The Iberia Parish Council denied a variance Wednesday night that could quash almost two-thirds of a proposed residential development.
The developers of The Ridge, a three-phase, 230-site residential development proposed in the Coteau area, were seeking a variance from the parish’s development code to allow high-density polyethylene (HDPE) pipe to be used for drainage instead of the corrugated concrete called for.
The debate over the variance has been going on for weeks. The issue went before the Iberia Parish Planning Commission, which approved the variance.
But Wednesday night, the council refused the exception in a 6-5 vote.
Concrete is far more expensive than HDPE, which is why the developer was seeking the variance for 60-inch pipe to be used for drainage alongside the roadways in the subdivision. Previously, developers said that if they could not make the substitution, it would make it economically unfeasible to construct Phase 2 or Phase 3 of the project, cutting it from 230 homes to 88 homes.
Robert Guidry, an engineer with The Ridge, said that the pipe used under the roadway would be concrete, as required in the ordinance, but that any pipe not under the road would be plastic. Iberia Parish Planning and Development Director Reed Boudreaux, however, said that a third of the plastic pipe in question was under the road and that all of it was in the road bed.
“If there are problems, we will have to dig up the road to get it out,” Boudreaux said.
Public Works Director Dexter Miguez said he was opposed to the HDPE because it was not as durable.
“I can take you out and show you when we have a problem, it’s the black pipe,” Miguez said.
The council members in favor of the variance argued that the economic impact a 230-unit development would have made it worthwhile to allow the black plastic pipe.
“This is clear that we are within the stipulations of the ordinance,” District 5 Councilman Warren Gachassin said. “I can’t fathom how we could have the chance of failing this tonight. Over 230 units. The council said previously it was against mobile homes. Now we are going to say we are against good development too?”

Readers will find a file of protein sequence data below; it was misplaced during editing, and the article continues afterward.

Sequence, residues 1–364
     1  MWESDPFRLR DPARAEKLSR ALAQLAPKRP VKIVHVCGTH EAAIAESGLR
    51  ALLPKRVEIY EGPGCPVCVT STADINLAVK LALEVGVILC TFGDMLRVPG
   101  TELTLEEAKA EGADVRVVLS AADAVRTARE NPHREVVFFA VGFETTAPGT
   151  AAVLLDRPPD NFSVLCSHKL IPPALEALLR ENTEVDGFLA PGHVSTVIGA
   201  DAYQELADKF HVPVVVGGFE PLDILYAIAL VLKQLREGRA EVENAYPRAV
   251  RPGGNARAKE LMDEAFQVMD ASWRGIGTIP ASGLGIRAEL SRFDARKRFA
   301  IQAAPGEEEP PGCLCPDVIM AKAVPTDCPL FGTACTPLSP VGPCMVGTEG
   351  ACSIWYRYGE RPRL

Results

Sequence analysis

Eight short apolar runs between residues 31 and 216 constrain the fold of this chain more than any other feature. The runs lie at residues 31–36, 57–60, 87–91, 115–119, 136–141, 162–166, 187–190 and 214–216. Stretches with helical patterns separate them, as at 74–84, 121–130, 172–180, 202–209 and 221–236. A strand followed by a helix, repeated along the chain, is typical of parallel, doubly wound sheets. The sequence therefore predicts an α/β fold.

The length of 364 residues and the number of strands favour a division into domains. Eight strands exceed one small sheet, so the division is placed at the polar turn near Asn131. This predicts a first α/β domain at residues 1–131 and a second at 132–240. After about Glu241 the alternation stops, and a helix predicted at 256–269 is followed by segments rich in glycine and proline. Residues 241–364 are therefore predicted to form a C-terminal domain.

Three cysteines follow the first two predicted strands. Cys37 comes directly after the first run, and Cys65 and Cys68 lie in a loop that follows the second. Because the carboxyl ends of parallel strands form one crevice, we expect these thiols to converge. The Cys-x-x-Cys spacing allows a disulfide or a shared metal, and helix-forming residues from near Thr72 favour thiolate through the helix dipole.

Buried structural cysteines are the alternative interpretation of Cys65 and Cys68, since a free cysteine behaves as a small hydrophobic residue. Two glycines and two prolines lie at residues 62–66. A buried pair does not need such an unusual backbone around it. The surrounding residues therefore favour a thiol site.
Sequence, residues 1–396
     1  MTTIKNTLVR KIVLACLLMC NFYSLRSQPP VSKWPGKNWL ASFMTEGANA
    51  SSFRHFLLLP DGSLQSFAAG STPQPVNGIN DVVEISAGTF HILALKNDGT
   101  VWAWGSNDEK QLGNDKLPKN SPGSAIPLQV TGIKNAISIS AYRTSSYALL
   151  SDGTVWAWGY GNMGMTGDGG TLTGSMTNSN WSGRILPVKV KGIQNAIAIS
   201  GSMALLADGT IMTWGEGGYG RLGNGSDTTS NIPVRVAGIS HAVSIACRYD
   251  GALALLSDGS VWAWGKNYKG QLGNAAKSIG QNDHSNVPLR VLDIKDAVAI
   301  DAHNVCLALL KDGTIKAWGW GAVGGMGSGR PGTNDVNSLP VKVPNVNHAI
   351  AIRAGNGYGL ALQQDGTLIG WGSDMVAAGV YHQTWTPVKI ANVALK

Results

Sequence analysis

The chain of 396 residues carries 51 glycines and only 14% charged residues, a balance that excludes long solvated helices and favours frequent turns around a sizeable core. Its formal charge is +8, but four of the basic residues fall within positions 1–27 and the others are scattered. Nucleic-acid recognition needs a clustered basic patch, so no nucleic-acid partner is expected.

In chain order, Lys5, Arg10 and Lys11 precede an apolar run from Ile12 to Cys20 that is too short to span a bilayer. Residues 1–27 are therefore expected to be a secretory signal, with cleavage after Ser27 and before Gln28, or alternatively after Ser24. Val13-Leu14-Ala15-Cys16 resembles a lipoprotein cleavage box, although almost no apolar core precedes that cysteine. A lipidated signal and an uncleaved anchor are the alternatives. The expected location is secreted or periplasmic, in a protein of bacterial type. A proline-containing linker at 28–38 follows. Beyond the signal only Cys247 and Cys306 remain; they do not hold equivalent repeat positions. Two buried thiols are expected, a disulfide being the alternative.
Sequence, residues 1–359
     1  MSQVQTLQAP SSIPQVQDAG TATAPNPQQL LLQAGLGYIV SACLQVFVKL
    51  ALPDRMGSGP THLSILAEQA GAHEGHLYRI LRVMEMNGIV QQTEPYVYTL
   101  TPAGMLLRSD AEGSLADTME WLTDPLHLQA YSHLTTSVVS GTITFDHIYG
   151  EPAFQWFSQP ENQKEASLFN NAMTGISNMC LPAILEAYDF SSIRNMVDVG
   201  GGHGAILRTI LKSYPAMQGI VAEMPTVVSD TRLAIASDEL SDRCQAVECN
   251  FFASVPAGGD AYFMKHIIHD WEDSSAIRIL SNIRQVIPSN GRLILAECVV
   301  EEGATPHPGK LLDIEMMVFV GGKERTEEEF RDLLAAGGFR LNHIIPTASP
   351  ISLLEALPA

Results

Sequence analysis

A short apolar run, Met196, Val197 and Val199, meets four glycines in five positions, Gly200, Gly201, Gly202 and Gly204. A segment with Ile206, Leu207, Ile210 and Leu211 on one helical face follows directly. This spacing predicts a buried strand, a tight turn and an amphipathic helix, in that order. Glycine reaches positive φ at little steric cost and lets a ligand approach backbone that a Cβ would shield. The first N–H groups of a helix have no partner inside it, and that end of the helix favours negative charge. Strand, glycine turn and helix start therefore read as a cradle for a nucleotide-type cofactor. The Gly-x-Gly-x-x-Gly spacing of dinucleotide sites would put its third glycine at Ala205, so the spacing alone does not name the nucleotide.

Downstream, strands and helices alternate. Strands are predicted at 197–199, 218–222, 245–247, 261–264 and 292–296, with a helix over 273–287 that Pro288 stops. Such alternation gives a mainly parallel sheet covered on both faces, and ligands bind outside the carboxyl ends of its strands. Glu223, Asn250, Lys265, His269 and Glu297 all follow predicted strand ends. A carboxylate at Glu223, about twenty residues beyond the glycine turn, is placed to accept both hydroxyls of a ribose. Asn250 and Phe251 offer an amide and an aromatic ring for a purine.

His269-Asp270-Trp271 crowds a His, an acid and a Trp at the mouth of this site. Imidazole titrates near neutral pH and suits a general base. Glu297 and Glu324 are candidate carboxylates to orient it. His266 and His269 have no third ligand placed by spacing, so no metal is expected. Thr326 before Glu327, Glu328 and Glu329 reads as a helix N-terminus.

District 12 Councilwoman Lady Fontenette Brown argued that the standards in the ordinance were designed to protect the residents and should be upheld.
“We can say we are open for business, but business has to be done right,” she said.
Boudreaux said that he does not have a problem with the HDPE pipe if used in the proper environment.
“I think black pipe is not a bad product,” he said. “It’s a great product. But it needs to be outside the road bed. Here, it is under soil, cement and under the curb in many areas.”
“This is the problem,” Gachassin said. “This is why people are moving out of the parish. We had an engineer that told you we are not changing the scope of the drainage. That was the big deal in committee.”
District 6 Councilwoman Natalie Broussard asked Miguez if the parish used the HDPE pipe.
“Yes, we do,” Miguez said.
“Well, I don’t know why we are holding the developer to a different standard,” Broussard said.
“We don’t like using the black pipe because it will deteriorate,” Miguez said. “When we have a problem, it’s always the black pipe.”
He later said that he does not like using the pipe, but has to because of the fiscal restraints in the parish.
“It is the cheapest and the parish doesn’t have any money,” Miguez said.
Iberia Planning Commission Chairman Brock Pellerin said his board approved the variance based on its research.
“We do our homework,” Pellerin said. “We ride out to the site. When you go to this site, you have to cross two HDPE pipes under our roads to get to it.”
He ended his argument with an economic appeal.
“This means more rooftops in the parish,” Pellerin said. “It’s a trickle down effect. I just don’t see how the council could deny something like this.”
District 14 Councilman Chad Maturin said he could not support the variance.
“Everyone around us is going with concrete,” he said, referencing Lafayette and St. Martin parishes. “Now we are saying we are open for business and will do it cheap. How about we worry about the people who are rooted here and say we are going to do it right?”
When votes were cast, Gachassin, Broussard, District 7 Councilman Paul G. Landry, District 3 Councilman Brad Davis, and District 9 Councilman Scott Ransonet voted in favor. District 1 Councilman Tommy Pollard, District 2 Councilman Michael Landry, District 4 Councilman Lloyd Brown, Council Chairman Eugene Olivier and District 12’s Lady Brown and Maturin voted against.